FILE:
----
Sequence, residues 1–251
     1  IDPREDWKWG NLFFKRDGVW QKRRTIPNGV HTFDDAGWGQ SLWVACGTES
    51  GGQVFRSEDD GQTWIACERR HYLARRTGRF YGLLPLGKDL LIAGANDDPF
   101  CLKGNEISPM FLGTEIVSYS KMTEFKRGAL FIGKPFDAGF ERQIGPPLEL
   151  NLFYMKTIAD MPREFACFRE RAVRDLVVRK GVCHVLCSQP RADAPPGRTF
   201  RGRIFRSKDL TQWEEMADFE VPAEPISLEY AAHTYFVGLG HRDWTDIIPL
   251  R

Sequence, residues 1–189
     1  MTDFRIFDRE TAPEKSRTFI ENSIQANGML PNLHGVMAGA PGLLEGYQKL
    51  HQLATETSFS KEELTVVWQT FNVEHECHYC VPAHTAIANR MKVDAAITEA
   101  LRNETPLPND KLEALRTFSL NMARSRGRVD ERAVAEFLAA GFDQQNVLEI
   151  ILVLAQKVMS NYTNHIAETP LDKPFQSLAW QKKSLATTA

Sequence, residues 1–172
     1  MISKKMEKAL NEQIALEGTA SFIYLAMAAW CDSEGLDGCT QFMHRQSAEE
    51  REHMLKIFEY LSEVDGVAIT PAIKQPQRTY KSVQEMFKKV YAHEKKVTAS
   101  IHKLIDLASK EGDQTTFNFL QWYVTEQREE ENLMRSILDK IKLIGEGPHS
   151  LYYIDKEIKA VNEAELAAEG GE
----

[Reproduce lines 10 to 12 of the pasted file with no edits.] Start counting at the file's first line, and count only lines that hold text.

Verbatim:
    51  HQLATETSFS KEELTVVWQT FNVEHECHYC VPAHTAIANR MKVDAAITEA
   101  LRNETPLPND KLEALRTFSL NMARSRGRVD ERAVAEFLAA GFDQQNVLEI
   151  ILVLAQKVMS NYTNHIAETP LDKPFQSLAW QKKSLATTA